Managing access with ACLs - Amazon Simple Storage Service

Managing access with ACLs

Access control lists (ACLs) are one of the resource-based options (see Overview of managing access) that you can use to manage access to your buckets and objects. You can use ACLs to grant basic read/write permissions to other AWS accounts. There are limits to managing permissions using ACLs.

For example, you can grant permissions only to other AWS accounts; you cannot grant permissions to users in your account. You cannot grant conditional permissions, nor can you explicitly deny permissions. ACLs are suitable for specific scenarios. For example, if a bucket owner allows other AWS accounts to upload objects, permissions to these objects can only be managed using object ACL by the AWS account that owns the object.

S3 Object Ownership is an Amazon S3 bucket-level setting that you can use to both control ownership of the objects that are uploaded to your bucket and to disable or enable ACLs. By default, Object Ownership is set to the bucket owner enforced setting, and all ACLs are disabled. When ACLs are disabled, the bucket owner owns all the objects in the bucket and manages access to them exclusively by using access-management policies.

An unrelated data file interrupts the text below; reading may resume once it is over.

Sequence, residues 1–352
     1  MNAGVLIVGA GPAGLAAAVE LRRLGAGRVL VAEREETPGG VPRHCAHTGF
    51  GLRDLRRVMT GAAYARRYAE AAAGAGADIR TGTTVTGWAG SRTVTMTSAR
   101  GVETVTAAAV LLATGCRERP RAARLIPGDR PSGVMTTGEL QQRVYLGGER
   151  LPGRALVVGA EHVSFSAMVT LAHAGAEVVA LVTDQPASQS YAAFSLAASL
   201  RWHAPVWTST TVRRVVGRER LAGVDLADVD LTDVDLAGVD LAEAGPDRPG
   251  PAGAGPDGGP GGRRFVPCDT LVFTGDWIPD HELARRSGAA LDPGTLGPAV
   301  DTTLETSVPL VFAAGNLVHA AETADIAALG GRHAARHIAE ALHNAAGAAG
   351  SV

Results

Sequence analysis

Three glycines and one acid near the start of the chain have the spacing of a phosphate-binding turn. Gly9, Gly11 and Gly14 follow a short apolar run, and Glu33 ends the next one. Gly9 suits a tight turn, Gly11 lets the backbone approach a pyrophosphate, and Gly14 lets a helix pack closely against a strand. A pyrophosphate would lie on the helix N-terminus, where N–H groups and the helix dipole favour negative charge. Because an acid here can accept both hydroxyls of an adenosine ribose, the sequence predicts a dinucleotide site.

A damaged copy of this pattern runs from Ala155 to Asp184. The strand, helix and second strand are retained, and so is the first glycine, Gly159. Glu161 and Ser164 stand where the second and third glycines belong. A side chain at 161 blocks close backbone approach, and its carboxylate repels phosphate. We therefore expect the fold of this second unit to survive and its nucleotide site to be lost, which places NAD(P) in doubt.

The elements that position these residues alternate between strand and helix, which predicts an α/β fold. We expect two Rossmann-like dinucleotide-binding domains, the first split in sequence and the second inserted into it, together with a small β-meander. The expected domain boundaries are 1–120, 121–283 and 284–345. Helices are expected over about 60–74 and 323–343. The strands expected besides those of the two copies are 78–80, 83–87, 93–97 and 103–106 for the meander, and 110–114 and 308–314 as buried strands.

A majority of modern use cases in Amazon S3 no longer require the use of ACLs. We recommend that you keep ACLs disabled, except in unusual circumstances where you need to control access for each object individually. With ACLs disabled, you can use policies to control access to all objects in your bucket, regardless of who uploaded the objects to your bucket. For more information, see Controlling ownership of objects and disabling ACLs for your bucket.


If your bucket uses the bucket owner enforced setting for S3 Object Ownership, you must use policies to grant access to your bucket and the objects in it. With the bucket owner enforced setting enabled, requests to set access control lists (ACLs) or update ACLs fail and return the AccessControlListNotSupported error code. Requests to read ACLs are still supported.

For more information about ACLs, see the following topics.